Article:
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HHS Publishes Final Rule on Patient Access to Their Lab results

Published March 16, 2014 1:21 AM by Glen McDaniel

Health and Human Services (HHS) has issued a final rule that requires laboratories to give patients access to their lab results. A few years ago Health and Human Services Secretary Kathleen Sebelius reaffirmed the Obama Administration commitment to patient-centered care.

 

A part of that initiative, she indicated, had to include a re-assessment of the whole idea of who owns the patient’s information. 

 

We had always believed that the patient could have access to their medical records, but even in that context, providers maintained that certain notes could still be withheld  from the patient as not a material or essential part of the record.  HIPAA (the Health Insurance Portability and Accountability Act of 1996) laid out very specific restrictions on the handling, storage, protection, and sharing or disclosing of patient information. In addition many states severely restricted the release of laboratory results. In most states, lab results can only be released to the ordering provider with very few exceptions.

 

This new final rule by HHS says that patients own their results and have the right to receive access to their lab results. In other words, laboratories must establish a clear process for providing patients with their results if and when patients request such results.

 

Both CLIA’88 and HIPAA had to be amended to allow this expanded access. Patients may still continue to receive results from their provider, of course. But under the new mandate, laboratories must give requested results (including an electronic copy) to the patient and/or the patient’s designated representative. Requested results must be provided within 30 days.

 

The Final Rule goes into effect April 5, with all covered entities mandated to comply by October 2 of this year.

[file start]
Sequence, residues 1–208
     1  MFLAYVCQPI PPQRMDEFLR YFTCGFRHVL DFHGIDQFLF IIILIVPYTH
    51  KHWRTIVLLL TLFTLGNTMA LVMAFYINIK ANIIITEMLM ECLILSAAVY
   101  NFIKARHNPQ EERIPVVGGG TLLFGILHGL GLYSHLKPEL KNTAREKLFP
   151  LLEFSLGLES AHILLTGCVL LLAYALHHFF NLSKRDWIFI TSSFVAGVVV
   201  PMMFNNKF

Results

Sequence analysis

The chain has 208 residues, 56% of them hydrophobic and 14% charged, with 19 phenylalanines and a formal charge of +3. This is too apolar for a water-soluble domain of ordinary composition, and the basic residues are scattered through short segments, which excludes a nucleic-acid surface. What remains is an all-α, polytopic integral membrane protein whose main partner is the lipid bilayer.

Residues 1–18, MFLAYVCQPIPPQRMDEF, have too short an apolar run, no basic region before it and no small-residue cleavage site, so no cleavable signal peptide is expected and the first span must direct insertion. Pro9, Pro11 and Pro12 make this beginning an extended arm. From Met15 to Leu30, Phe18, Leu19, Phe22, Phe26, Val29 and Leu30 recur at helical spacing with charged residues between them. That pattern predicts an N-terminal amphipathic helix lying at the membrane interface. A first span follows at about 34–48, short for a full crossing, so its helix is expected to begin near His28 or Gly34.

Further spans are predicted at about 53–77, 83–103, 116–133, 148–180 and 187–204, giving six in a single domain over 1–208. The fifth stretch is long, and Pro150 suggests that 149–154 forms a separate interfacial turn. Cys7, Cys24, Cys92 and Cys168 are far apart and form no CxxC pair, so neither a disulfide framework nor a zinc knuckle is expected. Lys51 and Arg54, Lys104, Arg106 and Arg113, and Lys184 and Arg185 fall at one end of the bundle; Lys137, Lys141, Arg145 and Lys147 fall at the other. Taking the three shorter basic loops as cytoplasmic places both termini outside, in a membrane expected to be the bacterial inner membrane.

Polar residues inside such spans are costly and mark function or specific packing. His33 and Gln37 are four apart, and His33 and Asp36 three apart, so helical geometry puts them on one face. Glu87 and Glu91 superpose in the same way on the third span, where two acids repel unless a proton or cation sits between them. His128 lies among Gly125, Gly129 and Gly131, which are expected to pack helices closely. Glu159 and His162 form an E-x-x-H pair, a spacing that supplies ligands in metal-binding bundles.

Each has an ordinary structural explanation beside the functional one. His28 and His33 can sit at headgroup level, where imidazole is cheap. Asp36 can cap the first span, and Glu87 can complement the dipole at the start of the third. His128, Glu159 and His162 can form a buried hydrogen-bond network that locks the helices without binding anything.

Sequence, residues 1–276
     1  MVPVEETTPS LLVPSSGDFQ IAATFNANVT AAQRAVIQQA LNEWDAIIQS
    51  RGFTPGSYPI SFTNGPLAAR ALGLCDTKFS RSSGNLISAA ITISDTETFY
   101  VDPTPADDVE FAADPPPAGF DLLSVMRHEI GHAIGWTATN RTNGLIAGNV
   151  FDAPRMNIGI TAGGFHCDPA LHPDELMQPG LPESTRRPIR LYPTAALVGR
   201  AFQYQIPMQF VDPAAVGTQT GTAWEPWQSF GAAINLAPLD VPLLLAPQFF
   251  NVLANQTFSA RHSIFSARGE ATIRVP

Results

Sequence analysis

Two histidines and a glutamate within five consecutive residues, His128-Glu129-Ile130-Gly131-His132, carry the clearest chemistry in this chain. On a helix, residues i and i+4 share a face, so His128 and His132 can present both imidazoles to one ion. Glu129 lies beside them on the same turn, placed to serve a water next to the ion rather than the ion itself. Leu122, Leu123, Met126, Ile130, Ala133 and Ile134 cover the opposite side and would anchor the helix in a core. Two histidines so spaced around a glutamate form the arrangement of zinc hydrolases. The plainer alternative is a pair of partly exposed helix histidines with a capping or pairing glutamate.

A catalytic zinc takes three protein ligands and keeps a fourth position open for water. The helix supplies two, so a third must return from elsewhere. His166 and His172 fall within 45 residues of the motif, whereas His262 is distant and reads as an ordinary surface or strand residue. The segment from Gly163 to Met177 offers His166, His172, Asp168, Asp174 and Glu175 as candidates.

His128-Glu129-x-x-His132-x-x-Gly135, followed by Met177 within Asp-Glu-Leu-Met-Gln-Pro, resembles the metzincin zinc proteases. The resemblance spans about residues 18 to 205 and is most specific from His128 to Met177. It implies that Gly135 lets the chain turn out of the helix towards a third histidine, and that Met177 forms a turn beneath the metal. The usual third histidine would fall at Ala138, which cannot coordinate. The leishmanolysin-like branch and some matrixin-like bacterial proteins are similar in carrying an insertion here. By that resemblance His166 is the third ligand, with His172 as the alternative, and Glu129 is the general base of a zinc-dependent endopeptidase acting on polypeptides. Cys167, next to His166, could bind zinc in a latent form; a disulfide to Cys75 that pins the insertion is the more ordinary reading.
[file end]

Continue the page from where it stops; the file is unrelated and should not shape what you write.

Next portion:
The final rule is available at www.federalregister.gov

 

How will your lab comply with this new mandate?

3 comments

That will be very interesting fro the lab. Traditionally we don't like to give information because we don't want to be held responsible for diagnosing patients.

What do we say if a patient asks, What does this mean? Do I have hepatitis? Do I have AIDS?  I know why they are requiring this but I am wary of how it will be viewed by my colleagues in the lab. What if we just choose to refer patients to their doctors anyway. The results are ready and your doctor has them. Call his office for an interpretation.

Jonas T March 29, 2014 5:44 PM
Washington DC

I work for an HMO and they have alreday started. It's really a neat thing I think. They have a website where you need to have a password that will change frequently. As soon as your lab results are ready it will be available online.

Now it has 2 good features. Each result has value, normal range and the direction to discuss all lab results with your physician in conjunction with signs and symptoms. It also reminds you of any labs your doctor has ordered but you have not done them yet. It tells you when the last date for the order is (when teh order will expire) and whether you need to be fasting or whatever.   It is a great site.

Brendaliz Colon March 19, 2014 12:56 PM
Los Angeles CA

Wow. This is a big one. I have not heard any information about this. I don't think my manager or colleagues at work know either. This one is going to be hard for labs. I will check back and see how other labs will be handling this.

Georgina Tassel, MLS March 16, 2014 1:30 PM
Miami FL

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